Never mess with your home’s heating, cooling, or ventilation systems. A mistake could kill your whole family with carbon monoxide poisoning. Best case scenario, your home will be less energy efficient than it would be if you just hired a pro. If you want to replace a baseboard radiator heating system but can’t afford to hire a professional, consider baseboard radiator covers to give it a more modern look without endangering your family.
In fact, as a general rule, just don’t do any work that requires a permit (electrical, roofing, HVAC, plumbing, etc.) Even if you manage to do it right without hurting yourself or damaging your home, you have to disclose unpermitted work when you sell and you’ll lose any money you saved in the form of decreased home value.
Selling a home can be a very stressful experience. If you don’t want to hire a professional to do it for you, then consider the following ideas-
The following DIY secrets can help you with your redecorating and home improvement, get great results with limited funds...
Measure the height from the floor to the top of the metal wall plate.
Follow our guide for baseboard heater cover measurement:
Any baseboard larger than 7 3/8" (188 mm) will be compatible with our standard cover.
Any measurement greater than 9 3/8" (238 mm) will fit our tall cover.
Measure from the bottom of the finned tube heating element to the top of the metal wall plate,
A measurement of 5 1/2" to 6 3/4" (140 mm – 172 mm) will fit our standard cover.
A measurement of 7 1/2" to 8 3/4" (191 mm – 222 mm) will fit our tall cover.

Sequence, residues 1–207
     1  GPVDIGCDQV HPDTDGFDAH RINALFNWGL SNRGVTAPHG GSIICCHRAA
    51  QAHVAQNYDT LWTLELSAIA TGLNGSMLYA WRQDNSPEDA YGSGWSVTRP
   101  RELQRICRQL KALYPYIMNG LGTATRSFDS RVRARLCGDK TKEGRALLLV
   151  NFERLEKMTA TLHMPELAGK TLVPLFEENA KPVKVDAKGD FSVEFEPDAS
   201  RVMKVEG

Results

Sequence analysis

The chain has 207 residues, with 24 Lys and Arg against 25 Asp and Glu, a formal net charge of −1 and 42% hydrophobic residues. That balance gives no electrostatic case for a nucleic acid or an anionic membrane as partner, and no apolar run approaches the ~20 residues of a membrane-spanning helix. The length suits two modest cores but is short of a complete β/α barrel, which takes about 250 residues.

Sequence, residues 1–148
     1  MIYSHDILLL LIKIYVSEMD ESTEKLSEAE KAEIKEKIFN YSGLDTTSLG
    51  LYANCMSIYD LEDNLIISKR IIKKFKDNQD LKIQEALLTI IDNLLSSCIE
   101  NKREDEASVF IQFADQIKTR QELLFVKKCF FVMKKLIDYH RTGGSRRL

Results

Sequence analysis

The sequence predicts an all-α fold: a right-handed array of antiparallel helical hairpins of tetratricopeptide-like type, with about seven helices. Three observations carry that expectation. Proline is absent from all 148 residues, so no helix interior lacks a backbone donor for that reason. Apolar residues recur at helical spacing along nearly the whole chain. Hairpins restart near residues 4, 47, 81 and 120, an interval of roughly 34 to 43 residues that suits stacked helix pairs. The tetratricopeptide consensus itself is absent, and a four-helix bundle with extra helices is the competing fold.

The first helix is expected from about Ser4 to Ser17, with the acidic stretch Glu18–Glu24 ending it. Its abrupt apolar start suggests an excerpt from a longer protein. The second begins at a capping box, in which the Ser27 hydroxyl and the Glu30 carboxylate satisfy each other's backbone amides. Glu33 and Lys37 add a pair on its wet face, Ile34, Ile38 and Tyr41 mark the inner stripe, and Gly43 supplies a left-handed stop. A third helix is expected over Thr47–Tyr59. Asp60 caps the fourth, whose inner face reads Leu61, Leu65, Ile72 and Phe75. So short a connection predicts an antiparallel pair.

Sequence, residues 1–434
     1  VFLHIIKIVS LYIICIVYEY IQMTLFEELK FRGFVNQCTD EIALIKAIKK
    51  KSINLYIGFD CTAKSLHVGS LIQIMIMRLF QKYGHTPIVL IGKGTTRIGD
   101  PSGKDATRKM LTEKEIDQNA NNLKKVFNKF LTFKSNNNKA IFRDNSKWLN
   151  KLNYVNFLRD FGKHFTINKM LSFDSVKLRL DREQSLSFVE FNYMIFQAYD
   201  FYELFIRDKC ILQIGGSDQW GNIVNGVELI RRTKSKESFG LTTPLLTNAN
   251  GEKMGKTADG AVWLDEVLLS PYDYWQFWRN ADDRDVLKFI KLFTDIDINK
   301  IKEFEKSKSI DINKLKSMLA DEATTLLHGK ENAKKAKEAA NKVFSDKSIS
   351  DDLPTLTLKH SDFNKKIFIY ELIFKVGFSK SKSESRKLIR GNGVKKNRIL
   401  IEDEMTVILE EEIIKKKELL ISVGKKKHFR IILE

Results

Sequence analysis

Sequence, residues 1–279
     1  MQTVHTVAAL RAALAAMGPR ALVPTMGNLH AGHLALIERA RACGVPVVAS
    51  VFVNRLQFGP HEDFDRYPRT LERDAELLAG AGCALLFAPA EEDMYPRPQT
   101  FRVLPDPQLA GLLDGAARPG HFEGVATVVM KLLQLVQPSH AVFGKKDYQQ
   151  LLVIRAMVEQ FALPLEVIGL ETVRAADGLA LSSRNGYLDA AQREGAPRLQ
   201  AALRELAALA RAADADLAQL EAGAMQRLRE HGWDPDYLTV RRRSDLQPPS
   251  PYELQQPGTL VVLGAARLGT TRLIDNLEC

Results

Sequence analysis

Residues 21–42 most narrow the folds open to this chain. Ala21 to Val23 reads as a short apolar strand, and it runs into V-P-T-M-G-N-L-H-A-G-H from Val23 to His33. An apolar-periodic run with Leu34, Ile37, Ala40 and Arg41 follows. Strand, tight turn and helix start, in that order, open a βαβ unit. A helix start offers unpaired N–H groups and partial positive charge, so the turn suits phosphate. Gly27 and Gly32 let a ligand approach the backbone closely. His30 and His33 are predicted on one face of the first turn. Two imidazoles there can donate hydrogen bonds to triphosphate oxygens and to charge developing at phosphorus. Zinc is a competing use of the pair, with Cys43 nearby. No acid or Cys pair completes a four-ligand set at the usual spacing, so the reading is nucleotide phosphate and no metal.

Measure the distance from the wall or the metal wall plate attached to the wall, to the outside of the finned tube heating element.
Any measurement less than 3 1/8" (76mm) inches from the wall will fit our standard cover.
Any measurement less than 3 1/8" (76mm) inches from the wall will fit our tall cover.
EZ Snap™ Wall Widgets are used when your old or existing wall back plate has been removed or if you have to hang your new cover 1 inch or higher to bring them up to a height that will fit our installation guidelines.
EZ Snap™ Floor Fidgets easily raise your new covers ¾ inch to compensate for any ¾ inch floor (wood, tile, or other) that has been installed any time since your baseboard heater was originally installed. May be used for any reason when the overall height has been shortened and the total height is less than 7-½ inches for standard height or 9-½ inches for the TALL height EZ Snap™ BaseBoard Covers.
EZ Snap™ Wall Contraptions are used when your wall back plate has been completely removed. EZ Snap™ Wall Contraptions receives your EZ Snap™ BaseBoard Cover and keeps your aluminum fin tube from sagging. These completely replace your wall back plate.